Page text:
Men Offer Abhorrent Excuses For Killing Women. Don’t Repeat Them- editorial by M. Jeltsen (Including guy who says he killed his girlfriend because she said her ex’s name during sex)
I understand that there is no justification for a man murdering his wife or girlfriend, and so the author of the Huffington Post page I link to below asks people not to repeat the abuser’s claim. I understand her perspective.
For the purposes of my blog, however, since I often discuss singleness and celibacy, as well as the benefits of being a single celibate, I do like to point out that if you’re a single celibate, your chance of getting killed by a lover – or during a sex act are zero.
I think this author’s editorial (linked to and excerpted farther below) also makes a case for why it’s not so bad to be a single celibate.
- A south Florida man charged with murdering his girlfriend admitted to disemboweling her with his bare hands after she twice cried out her ex-husband’s name during sex, police said.
- …He then returned to 31-year-old Maria Nemeth, who was lying unconscious on the floor, and proceeded to sexually mutilate her — first with various objects, then by inserting his arm into her, up to his elbow.Once inside he said he proceeded to rip out part of her intestines.
(Link): Men Offer Abhorrent Excuses For Killing Women. Don’t Repeat Them. by M. Jeltsen
- On Sunday, Fidel Lopez, a 24-year-old South Florida man, was charged with murder after he confessed to penetrating his girlfriend Maria Nemeth with various objects without her consent and then disemboweling her with his bare hands.
- He told police that his murderous attack was triggered when Nemeth called out her former husband’s name while they were having sex.
- Many media outlets ran with his claim as fact, using headlines like “Man Disembowels Girlfriend For Screaming Out Another Man’s Name During Sex.” The story had all the sensational elements: graphic violence, an alleged betrayal and everyone’s favorite topic, sex.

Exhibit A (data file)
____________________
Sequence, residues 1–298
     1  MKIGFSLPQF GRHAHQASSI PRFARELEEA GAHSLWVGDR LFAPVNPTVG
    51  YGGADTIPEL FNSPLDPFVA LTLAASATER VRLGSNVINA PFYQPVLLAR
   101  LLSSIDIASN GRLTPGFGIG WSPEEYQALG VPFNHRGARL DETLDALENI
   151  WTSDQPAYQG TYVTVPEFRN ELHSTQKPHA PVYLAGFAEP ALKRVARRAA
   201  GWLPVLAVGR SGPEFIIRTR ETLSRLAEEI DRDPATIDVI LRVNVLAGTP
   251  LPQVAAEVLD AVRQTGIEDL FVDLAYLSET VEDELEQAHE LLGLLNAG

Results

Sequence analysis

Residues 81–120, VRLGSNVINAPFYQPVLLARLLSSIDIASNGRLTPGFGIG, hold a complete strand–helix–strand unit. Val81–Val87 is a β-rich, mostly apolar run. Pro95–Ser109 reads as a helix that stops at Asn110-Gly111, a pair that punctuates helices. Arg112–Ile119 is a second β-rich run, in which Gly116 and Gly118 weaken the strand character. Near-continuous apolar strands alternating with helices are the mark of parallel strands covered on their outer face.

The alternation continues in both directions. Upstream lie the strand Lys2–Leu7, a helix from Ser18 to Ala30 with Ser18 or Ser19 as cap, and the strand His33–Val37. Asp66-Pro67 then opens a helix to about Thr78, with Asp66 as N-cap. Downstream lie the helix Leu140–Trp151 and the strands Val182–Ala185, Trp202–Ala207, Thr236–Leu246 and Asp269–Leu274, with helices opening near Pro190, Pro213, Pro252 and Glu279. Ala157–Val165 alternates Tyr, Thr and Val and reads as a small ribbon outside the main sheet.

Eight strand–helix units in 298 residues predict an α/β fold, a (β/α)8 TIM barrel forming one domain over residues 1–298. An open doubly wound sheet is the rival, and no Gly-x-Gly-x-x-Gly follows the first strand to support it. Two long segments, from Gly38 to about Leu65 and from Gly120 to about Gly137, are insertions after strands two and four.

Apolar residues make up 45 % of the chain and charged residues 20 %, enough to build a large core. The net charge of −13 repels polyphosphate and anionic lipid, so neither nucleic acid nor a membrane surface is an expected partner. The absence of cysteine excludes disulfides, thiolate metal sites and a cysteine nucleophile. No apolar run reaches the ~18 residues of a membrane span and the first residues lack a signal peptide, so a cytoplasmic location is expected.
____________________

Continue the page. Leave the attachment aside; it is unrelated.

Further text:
- But the truth is, we have no idea if the victim did actually scream her former partner’s name during sex. All we know is that her alleged killer claims she did. Even if it is true, it’s a ludicrous excuse for violence.
- “Partner-killers often fabricate stories to justify the murders,” said David Adams, a domestic violence expert who has (Link): written critically about media coverage of intimate partner violence. “[Media reports] take the killer’s comments at face value, as if there is a logical connection there, as opposed to recognizing that it’s actually irrelevant. It’s irresponsible reporting.”
- It’s not unusual for men who kill women to come up with bizarre “reasons” to explain their actions. A quick Google search will bring up a slew of similar stories:
- [Off site links]:
- Man Kills Wife Over Hamburger
Police: Woman Killed For Taking Call During Sex
Man Brutally Kills Wife Over Facebook Obsession
Police: Man Kills Wife After Dog Poops In Home
Man Strangled Girlfriend Over Obit, Cops Say
Man Shoots Girlfriend For Not Taking The Possibility Of A Zombie Apocalypse Seriously
- These headlines were likely written with the intention of highlighting the absurdity of the killers’ claims, but ultimately they reinforce the notion that the women played a role in their own deaths.
- Todd Gitlin, professor of journalism and sociology at Columbia University, said that media outlets should attribute the source of any such information in headlines. For example, headlines around Nemeth’s murder should make crystal clear that the claim that the victim said her ex’s name was made solely by the alleged killer and not backed up by any other evidence.
- Moreover, Gitlin said he didn’t think it was ethical to give Lopez’s claim validity in the headline,
- as the alleged killer (Link): changed his story during his interview with the police. Lopez initially claimed that he and his girlfriend had rough but consensual sex, before he eventually confessed to the murder.
- About three women a day are killed by their intimate partners in the U.S., according to (Link): Bureau of Justice statistics. Adams said it’s a serious misunderstanding of the nature of domestic violence to say that one single event — like serving an undercooked hamburger or accidentally saying your ex’s name — caused a homicide. “It removes the whole element of choice,” he said.
- Instead of simply repeating what the killer claims, Adams said, journalists should be asking if the perpetrator has a history of abuse and looking for patterns of behavior. Domestic homicides don’t usually come out of nowhere. There are often red flags before women are murdered. Most killers don’t just “snap,” despite media coverage to the contrary.
- There’s also a calculated reason a killer might claim that he “snapped” because of something the victim did, according to Adams. If the perpetrator can argue that he flew into a spontaneous rage because of the victim’s actions, he has a better chance of getting his charges reduced from first-degree, premeditated murder to second-degree murder.